As part of the week-long “Semana Chicana” sponsored by Movimiento Estudiantil Chicano de Aztlan de Yale, Western Washington University Professor Lawrence Estrada spoke to students and faculty members about “Chicano and Ethnic Studies in the Area of Globalization” Wednesday.

Estrada read a paper he had written for a recent presentation at the Conference on American Ethnic Studies in Istanbul, Turkey to a 20-member audience and discussed the current challenges and goals of Chicano and ethnic studies scholars. He also proposed techniques for making ethnic and Chicano studies a more visible and viable part of the Yale curriculum.

Estrada said Chicanos are being challenged to play a bigger role in the American cultural landscape because of current stereotypes and cultural standards.

“As Chicanos, we are witnessing ‘post-Ricky Martin, Christina Aguilera syndrome,'” Estrada said. “[We’re seeing] the loss of governmental support for bilingualism [during a] rise in the music industry of Hispanic music.”

Estrada spoke about what he called the menace of uniformity resulting from globalization.

“Standardization of local culture [in foreign countries] to make way for American music, food, and films is the heart of globalization,” Estrada said.

Exploring different ways of maintaining local diversity in the 21st century, Estrada next mentioned possible safeguards against the negative effects of globalization. Among the safeguards mentioned were the standards of countries like Brazil and France, which require a certain percentage of their media to be locally created.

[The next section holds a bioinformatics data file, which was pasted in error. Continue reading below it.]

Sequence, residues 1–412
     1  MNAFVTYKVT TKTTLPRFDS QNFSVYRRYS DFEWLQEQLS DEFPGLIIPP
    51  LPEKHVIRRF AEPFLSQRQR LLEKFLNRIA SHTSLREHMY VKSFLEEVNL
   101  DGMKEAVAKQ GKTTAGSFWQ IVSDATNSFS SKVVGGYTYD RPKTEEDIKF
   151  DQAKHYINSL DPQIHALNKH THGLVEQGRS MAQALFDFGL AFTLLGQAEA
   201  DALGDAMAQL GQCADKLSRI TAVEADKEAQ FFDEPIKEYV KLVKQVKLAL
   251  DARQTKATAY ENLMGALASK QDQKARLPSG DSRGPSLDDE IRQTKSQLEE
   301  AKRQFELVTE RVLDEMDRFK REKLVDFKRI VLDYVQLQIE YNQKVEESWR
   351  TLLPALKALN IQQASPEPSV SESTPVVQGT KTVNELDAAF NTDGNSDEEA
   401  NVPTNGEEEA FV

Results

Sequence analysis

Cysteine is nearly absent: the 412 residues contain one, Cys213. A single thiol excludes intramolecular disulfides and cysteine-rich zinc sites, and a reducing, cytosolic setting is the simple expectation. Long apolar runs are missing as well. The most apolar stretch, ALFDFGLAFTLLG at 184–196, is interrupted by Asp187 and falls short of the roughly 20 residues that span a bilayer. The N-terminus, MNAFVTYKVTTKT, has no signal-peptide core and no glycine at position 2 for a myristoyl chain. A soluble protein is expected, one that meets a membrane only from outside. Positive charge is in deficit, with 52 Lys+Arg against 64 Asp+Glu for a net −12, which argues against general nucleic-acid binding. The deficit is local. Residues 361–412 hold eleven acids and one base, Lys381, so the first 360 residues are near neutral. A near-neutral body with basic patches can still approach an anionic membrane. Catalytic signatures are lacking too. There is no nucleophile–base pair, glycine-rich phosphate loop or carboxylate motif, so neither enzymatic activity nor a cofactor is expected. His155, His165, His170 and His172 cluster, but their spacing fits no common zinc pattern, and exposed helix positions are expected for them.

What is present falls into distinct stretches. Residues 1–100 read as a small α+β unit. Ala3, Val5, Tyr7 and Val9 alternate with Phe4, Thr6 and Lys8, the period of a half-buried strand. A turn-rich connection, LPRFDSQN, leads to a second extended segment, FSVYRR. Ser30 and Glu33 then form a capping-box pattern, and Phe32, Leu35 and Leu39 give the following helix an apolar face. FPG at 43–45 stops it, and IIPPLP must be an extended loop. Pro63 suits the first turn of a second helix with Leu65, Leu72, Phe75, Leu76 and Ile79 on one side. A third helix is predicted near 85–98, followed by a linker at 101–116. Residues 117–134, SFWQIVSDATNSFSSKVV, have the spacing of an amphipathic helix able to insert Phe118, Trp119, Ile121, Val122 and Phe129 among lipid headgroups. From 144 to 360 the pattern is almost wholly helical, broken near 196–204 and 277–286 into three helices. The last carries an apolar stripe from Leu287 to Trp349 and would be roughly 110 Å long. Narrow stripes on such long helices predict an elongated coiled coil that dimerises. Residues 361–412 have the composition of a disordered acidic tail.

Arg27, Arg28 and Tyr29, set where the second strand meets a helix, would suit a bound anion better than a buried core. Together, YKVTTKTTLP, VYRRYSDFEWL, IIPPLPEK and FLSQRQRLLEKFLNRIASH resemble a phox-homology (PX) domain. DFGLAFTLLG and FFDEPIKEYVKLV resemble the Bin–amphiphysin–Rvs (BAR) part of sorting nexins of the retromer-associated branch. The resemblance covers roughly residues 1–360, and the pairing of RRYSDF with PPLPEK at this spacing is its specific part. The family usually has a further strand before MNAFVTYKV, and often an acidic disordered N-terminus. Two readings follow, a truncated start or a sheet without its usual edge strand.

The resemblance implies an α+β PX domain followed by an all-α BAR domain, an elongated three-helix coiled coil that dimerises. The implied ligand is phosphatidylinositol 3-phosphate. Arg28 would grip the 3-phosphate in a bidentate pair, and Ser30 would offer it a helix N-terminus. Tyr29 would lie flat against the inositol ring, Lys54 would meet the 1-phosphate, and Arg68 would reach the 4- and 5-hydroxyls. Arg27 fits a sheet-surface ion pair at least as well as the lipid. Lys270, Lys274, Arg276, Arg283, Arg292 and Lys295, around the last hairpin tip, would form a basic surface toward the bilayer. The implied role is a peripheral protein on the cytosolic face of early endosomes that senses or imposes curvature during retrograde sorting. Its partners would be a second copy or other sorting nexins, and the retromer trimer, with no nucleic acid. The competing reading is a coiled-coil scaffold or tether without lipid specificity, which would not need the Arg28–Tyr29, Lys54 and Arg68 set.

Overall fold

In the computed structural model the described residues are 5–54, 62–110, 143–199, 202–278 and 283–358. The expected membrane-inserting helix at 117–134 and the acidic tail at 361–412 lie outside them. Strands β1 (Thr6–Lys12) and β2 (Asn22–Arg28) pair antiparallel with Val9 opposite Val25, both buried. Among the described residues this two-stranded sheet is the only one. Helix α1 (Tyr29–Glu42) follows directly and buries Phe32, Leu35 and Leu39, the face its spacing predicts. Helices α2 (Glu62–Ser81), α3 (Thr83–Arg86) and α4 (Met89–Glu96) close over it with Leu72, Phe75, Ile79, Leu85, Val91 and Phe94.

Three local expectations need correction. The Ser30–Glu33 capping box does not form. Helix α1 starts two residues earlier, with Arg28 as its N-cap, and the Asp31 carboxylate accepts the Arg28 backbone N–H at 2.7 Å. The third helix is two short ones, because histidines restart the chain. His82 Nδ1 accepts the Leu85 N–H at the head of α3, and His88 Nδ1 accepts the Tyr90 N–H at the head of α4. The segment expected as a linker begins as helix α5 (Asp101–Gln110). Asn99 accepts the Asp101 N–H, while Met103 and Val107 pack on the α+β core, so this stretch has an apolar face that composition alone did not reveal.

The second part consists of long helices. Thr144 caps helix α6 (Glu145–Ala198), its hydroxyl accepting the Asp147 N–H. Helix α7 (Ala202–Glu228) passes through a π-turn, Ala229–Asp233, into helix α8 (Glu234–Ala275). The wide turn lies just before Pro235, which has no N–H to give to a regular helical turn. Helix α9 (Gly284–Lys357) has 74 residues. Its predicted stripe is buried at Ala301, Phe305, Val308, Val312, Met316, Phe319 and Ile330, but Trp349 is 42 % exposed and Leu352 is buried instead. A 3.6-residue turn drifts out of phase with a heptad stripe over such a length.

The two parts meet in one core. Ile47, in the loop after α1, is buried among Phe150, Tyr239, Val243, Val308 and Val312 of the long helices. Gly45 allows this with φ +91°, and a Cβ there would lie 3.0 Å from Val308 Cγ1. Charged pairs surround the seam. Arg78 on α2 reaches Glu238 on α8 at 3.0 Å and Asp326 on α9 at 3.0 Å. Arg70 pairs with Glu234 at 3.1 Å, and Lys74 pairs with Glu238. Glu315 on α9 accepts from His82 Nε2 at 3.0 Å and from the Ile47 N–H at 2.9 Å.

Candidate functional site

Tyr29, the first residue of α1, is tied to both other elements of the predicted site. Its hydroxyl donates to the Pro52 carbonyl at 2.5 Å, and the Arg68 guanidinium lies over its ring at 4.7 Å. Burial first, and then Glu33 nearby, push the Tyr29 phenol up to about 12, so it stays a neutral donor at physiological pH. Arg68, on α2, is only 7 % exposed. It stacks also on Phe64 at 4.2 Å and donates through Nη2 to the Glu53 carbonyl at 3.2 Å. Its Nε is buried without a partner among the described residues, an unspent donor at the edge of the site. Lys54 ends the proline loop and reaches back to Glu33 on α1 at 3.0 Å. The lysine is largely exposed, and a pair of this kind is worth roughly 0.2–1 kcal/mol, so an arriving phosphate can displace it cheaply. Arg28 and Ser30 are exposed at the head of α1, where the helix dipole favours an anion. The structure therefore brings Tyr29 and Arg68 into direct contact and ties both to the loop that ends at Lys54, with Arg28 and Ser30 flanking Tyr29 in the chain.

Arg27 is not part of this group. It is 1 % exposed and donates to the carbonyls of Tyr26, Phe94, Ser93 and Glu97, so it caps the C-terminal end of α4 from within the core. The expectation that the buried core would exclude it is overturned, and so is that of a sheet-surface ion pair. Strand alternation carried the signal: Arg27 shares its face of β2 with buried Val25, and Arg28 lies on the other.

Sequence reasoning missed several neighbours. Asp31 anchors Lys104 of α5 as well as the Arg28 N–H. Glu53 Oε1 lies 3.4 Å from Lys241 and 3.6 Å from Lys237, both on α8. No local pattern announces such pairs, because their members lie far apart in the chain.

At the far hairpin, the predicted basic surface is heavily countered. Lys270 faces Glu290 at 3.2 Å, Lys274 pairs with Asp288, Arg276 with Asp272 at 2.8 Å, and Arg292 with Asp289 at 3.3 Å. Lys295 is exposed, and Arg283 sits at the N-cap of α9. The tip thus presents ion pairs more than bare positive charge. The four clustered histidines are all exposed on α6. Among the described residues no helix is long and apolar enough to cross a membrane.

Estrada said the solution lies in “institutional diversity,” which he said should be a goal of Chicano and ethnic studies programs. He concluded his paper with a description of the ideal role for ethnic studies academics.

“The role we might see for ourselves as ethnic scholars is to shed light on the continuing struggles of ethnic minority groups trying to preserve their ways of life,” Estrada said.

Julia Gonzalez ’05 asked Estrada what strategies he suggested for expanding ethnic studies programs on a campus with a limited number of Latino and Chicano students.

Estrada said Yale’s first challenge would be to recruit more faculty.

“I think you have two Latino or Chicano faculty on campus,” Estrada said. “That’s your struggle. You have to start advocating for faculty members. You need people who really have a feeling for ethnic studies or [Chicano] studies.”

MEChA Treasurer Laura Hurtado ’04 said Semana Chicana, which encompasses other talks as well as an East Coast Chicano Student Forum this weekend, is intended to make ethnic studies a more central part of the Yale experience.

“The goal of the week is looking at Chicano studies and ethnic studies programs, trying to get a better understanding of what needs to be done [for Yale] to get a program,” Hurtado said.

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